26 November 2007

Kiddie Kindle?

This morning I finally read the Newsweek article, The Future of Reading, about Amazon's Jeff Bezos and the impact of the Kindle on reading, the book in general, and all that makes sense in the known universe. Frankly, I found the article terrifying! I wasn't as upset about the device's effect on reading, as I was about it's effect on writing. The idea of a novel as a collaborative process, wikified and edited by it's readership, gave me the shivers. Not every one's cup of tea, to say the least.

But as I was reading, I couldn't help but think about what a very adult device the Kindle is. I'm sure kiddie kindles are in the works, just like the digital cameras Fisher Price makes for toddlers, and the child friendly keyboards for computers. One of the appealing features of the kindle, according to the article, is that it's "bookish". It feels like a book--has a book's jes ne se quai. But how can one appreciate the bookish appeal of a device if one is still learning what a book is? Could I use a Kindle effectively in story time? How would picture book illustrations fare on a device no larger than a paperback? We see how artwork for LP's was diminished when reduced to the size of a CD jewel case (and it's hardly worth mentioning the tiny little image in an ipod's screen.)

Trekkies will be aware that when Captain Jean Luc Picard needs to relax after a hard day on the Enterprise, he reached for his Earl Grey (hot) and a massive tome of Shakespeare, not the tiny palm-sized tablet he uses for work (or, admittedly, that budding author Jake Sisko on Deep Space Nine uses. A generational preference, perhaps?) The point is, the death of the book has been predicted many times before. And although the Kindle doesn't so much represent the death of the book as its evolution, I reckon that the experiences of our youngest readers will dictate the success and viability of the Kindle, and not the Tech Heads (and I count myself as a Tech Head!) who love new gadgets.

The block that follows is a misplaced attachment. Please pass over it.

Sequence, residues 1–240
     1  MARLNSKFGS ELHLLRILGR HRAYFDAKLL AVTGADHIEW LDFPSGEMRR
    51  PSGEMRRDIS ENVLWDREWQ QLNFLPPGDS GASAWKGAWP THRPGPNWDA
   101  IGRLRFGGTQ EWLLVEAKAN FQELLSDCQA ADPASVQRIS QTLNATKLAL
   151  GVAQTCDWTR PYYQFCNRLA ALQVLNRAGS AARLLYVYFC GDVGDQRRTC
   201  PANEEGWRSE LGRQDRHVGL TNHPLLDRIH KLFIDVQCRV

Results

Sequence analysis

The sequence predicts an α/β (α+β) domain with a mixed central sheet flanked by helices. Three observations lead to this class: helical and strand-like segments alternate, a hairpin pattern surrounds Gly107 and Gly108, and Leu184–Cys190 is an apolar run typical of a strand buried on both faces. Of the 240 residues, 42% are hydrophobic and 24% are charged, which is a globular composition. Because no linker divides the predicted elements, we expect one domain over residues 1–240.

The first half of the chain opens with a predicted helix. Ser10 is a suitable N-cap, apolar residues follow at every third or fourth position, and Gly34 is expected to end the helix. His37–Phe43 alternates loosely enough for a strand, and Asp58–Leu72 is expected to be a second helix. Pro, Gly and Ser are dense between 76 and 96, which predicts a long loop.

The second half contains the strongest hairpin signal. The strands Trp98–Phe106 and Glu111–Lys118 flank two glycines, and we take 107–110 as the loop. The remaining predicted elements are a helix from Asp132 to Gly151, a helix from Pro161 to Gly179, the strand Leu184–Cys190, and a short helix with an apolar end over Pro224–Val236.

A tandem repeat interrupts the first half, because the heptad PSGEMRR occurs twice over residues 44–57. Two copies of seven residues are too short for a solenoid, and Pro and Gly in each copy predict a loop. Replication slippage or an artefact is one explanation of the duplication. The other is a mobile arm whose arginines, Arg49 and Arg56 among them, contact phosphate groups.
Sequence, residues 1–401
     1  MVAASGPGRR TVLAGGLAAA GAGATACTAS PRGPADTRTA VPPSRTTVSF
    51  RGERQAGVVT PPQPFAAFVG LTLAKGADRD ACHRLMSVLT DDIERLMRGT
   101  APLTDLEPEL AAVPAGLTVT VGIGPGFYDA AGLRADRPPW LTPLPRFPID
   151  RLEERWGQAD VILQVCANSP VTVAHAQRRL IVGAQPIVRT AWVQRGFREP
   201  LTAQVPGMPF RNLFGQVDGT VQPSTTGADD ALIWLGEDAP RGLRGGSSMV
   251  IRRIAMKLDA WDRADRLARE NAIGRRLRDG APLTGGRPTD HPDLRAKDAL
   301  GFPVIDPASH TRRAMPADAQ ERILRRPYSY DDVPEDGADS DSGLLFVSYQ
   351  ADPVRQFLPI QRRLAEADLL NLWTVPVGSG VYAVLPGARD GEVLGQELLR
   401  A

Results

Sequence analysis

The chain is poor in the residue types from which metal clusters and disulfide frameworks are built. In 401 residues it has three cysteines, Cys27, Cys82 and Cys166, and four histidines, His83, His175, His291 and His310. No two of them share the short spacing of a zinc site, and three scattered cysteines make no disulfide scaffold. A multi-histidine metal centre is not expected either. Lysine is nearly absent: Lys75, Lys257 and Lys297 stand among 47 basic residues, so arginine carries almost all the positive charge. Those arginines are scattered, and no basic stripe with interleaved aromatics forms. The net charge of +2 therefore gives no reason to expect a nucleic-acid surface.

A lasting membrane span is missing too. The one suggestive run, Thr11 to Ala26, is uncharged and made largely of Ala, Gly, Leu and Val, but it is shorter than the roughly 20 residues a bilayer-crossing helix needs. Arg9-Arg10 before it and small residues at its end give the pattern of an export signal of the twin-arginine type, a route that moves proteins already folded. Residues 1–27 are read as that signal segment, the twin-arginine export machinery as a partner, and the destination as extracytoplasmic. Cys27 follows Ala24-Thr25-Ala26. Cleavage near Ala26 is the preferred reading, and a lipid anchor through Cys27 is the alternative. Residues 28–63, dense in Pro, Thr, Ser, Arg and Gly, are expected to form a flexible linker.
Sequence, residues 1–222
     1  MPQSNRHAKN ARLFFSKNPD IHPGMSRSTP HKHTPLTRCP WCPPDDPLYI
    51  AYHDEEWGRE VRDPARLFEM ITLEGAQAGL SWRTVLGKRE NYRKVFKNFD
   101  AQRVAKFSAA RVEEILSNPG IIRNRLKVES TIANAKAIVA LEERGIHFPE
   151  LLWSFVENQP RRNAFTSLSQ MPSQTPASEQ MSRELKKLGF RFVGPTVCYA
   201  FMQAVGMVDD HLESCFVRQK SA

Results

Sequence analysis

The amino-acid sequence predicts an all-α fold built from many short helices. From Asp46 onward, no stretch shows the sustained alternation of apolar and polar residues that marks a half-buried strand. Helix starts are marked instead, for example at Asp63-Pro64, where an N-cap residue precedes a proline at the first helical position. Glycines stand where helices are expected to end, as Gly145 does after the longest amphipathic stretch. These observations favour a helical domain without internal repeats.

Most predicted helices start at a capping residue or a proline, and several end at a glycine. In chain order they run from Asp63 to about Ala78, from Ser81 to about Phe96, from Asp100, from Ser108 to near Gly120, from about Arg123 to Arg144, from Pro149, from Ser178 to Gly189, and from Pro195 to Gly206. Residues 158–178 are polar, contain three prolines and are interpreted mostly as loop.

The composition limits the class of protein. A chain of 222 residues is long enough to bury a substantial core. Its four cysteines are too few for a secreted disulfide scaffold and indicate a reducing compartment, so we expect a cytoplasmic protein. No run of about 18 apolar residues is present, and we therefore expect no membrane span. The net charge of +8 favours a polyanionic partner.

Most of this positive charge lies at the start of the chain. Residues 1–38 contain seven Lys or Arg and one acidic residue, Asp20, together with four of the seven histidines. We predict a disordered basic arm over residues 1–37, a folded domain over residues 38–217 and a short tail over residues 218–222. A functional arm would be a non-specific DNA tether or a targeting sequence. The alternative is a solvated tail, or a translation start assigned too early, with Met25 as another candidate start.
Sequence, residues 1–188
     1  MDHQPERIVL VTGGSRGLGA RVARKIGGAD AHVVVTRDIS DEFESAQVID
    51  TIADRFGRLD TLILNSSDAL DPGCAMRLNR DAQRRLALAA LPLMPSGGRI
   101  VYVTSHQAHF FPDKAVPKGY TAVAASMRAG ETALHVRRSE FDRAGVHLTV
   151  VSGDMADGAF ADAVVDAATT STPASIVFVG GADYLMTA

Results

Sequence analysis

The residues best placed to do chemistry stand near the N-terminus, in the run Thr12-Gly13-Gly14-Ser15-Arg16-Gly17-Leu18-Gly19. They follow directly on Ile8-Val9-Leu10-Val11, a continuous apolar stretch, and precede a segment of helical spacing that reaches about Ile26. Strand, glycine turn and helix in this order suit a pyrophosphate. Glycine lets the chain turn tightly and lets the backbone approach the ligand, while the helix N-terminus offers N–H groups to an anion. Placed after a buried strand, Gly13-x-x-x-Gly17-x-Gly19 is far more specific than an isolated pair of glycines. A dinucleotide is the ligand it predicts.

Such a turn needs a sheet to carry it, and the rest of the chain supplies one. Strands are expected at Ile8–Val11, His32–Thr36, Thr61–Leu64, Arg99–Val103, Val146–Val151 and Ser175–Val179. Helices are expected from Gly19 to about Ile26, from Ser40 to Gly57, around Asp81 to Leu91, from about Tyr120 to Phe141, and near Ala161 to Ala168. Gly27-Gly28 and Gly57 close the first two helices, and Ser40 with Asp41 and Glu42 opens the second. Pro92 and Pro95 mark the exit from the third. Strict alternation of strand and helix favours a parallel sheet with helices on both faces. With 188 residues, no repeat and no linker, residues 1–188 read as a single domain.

Paula said...

I'm a total gadget head, but I cringe at the thought of yet another piece of technology that will somewhat remove the next generation of readers/writers one step further away from the real reading experience.

I love using my PC, but the fact that its use has pretty much killed good penmanship saddens me.

I hope there is no Kiddie Kindle. Gadgets like it are great for us busy adults, craving some spice in our lives. But I'd prefer if the kids were given the chance to grow into such technology.

Yankeerat said...

Thanks for the comment, Paula. I was still thinking about the Kindle this morning, especially in terms of its affect on writers. The article talked about how authors could go back to earlier works and edit them or modernize them. To me, it seems on a par with the debate about including instant replay into live sporting events. How much is lost when everything can be "fixed". Part of what makes sports so real--such a great human institution--is that it is sometimes grossly unfair (just ask any Englishman about Mardona's Hand of God, as an example.) How pedestrian would our discussions about Huck Finn be if Twain (or anyone, for that matter) had the ability to sanitize it and remove all objectionable language?

And why aren't blocks and crayons good enough for kids anymore?! I was thinking about the Kid Tough Digital camera this morning, too. When I was a little girl my favorite toy was the View Master. I thought it was near enough magic! My daughter, who is six, thinks it's quaint. One of her first words was 'DVD'. What have I done wrong?!

Okay, winge over ^_^

nicnaimless said...

Funny this article is already out. I just posted KidKindle.com and KindkleKid.com for sale on Ebay. Best offer is only $620 so far :(

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